The Golden Wrench

A blog about bicycle repair and maintenance by the mechanics at Freewheel Bike.

Monday, November 22, 2010

Replacement Studs for Studded Tires

Studded tires make a world of difference when the streets are coated in a layer of glare ice.  The studs, typically made of tungsten carbide, are small thumbtack-shaped pieces of metal that are held into the tire by their wider base end.  It's very common to lose a stud or two from time to time, but they are easy to replace.  Unfortunately, only some manufacturers offer replacement studs for sale.  Let's see how close of a fit the available studs are to several other manufacturers' studs:

Nokian studs
Probably the most common replacement stud available is the Nokian pointed-tip stud.  These studs are found on the Nokian Extreme models, and are only slightly different from the domed-tip studs found on most of the rest of Nokian's tires (the A10, W106, Mount & Ground, etc.)  All of the readily-available Nokian studs are the pointed tip variety.  There is almost zero difference in the dimensions of these two studs.
  • Material: carbide
  • Tip shape: pointed or slightly domed versions
  • Overall height: 5.8mm (pointed), and 5.5mm (domed)
  • Base height: 1.0mm
  • Base diameter: 6.5mm
  • Shaft diameter: 3.4mm
  • Tip diameter: 2.0mm
Schwalbe studs
Schwalbe's Marathon Winter tires are available in a number of different sizes, and all use the same type of stud.  Unfortunately, Schwalbe replacement studs are not normally available.  Fortunately, Nokian replacement studs are a perfect fit.
  • Material: carbide
  • Tip shape: flat
  • Overall height: 5.5mm
  • Base height: 1.0mm
  • Base diameter: 6.3mm
  • Shaft diameter: 3.4mm
  • Tip diameter: 2.0mm
Continental studs
The stud measured here was borrowed from a Continental Spike Claw 240 tire.  Continental replacement studs are not normally available, but Nokian replacement studs are a perfect fit.

  • Material: carbide
  • Tip shape: slightly domed
  • Overall height: 5.5mm
  • Base height: 1.0mm
  • Base diameter: 6.4mm
  • Shaft diameter: 3.4mm
  • Tip diameter: 1.9mm
Innova studs
Innova tires are usually quite a bit less expensive than other studded tires, but beware that Innova uses an inferior material for their studs.  Instead of tungsten carbide, Innova's studs are made from plain old mild steel.  While they are less expensive to produce, steel is significantly softer than your average pavement surface, and the studs literally wear down over time if ridden on bare pavement.   The expected lifespan for these studs can be less than one season in many cases.  Innova studs are readily available, but are not a good choice for replacing missing carbide studs from other manufacturers for durability reasons.  Despite the slightly different dimensions, these studs should be close enough in size to be interchangeable with all of the other studs measured here.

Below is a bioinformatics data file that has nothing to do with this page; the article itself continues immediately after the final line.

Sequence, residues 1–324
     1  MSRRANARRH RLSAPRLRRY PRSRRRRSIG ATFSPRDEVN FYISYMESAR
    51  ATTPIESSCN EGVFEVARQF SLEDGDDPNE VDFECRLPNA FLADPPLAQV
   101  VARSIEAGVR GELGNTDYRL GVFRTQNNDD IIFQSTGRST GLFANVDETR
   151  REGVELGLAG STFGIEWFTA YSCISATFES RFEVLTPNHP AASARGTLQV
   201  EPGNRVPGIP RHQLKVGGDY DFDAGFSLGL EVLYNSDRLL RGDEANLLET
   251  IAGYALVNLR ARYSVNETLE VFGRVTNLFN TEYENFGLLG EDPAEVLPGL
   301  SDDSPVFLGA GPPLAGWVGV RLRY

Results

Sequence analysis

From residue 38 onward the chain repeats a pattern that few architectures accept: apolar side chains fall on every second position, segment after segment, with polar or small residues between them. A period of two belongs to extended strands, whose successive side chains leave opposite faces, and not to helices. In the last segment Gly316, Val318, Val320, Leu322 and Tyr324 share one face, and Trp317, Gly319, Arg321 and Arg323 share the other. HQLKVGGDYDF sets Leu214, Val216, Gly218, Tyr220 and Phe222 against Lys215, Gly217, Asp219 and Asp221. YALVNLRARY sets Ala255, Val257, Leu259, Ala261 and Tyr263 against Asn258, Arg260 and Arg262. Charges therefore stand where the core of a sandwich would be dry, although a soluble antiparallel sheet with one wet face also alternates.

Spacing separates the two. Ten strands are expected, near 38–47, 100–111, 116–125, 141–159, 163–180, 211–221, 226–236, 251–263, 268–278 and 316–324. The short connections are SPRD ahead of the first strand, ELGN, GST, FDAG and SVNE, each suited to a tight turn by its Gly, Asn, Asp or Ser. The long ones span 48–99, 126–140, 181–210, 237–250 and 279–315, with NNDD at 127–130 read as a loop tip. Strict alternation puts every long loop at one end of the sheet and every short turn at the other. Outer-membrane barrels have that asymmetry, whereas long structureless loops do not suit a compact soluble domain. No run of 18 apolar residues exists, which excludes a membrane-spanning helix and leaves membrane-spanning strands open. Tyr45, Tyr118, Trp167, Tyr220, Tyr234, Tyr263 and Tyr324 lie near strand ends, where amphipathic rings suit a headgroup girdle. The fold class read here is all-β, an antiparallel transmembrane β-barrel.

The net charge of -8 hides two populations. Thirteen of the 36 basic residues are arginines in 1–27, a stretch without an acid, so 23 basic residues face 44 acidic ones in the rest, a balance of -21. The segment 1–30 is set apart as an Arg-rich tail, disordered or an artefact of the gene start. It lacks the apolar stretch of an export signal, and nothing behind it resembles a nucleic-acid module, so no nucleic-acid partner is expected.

• Material: mild steel
  • Tip shape: irregular, rounded-off tip
  • Overall height: 5.4mm
  • Base height: 1.1mm
  • Base diameter: 6.9mm
  • Shaft diameter: 3.8mm
  • Tip diameter: 2.5mm

The bottom line is that all five of these studs should be interchangeable with one another.  If you're missing a few studs from your Schwalbe or Continental tires, the readily-available Nokian studs should be a perfect replacement.

The only major stud not available for measurement were those used in Kenda Klondike studded tires.  If a Kenda stud comes my way, I'll add it to the list.

Sunday, November 21, 2010

Proprietary Stuff to Make You go Faaaaaast

Image swiped gratuitously from Trek's online catalog. 'Tis a fast-looking beast, is it not?

Ready to rumble. We've got a bunch of them: come check them out!

Recently I spent a few days setting up our fleet of Trek Speed Concept time trial and triathlon bikes. This was my first time handling some of this technology and I was highly impressed with much of the execution. They really are amazing pieces of machinery: the engineers over at Trek eschewed off-the-shelf componentry in favor of an integrated approach for brakes, internal cable routing, headset, etc. The result is a bunch of proprietary stuff that requires some re-learning and exploration.

You know, the kind of stuff that gives bike nerds the happy.

The rather inefficient seatpost clamping device. Proper torque is very important because there's only a small aluminum cam holding your seat at the correct height. Carbon assembly paste works wonders here.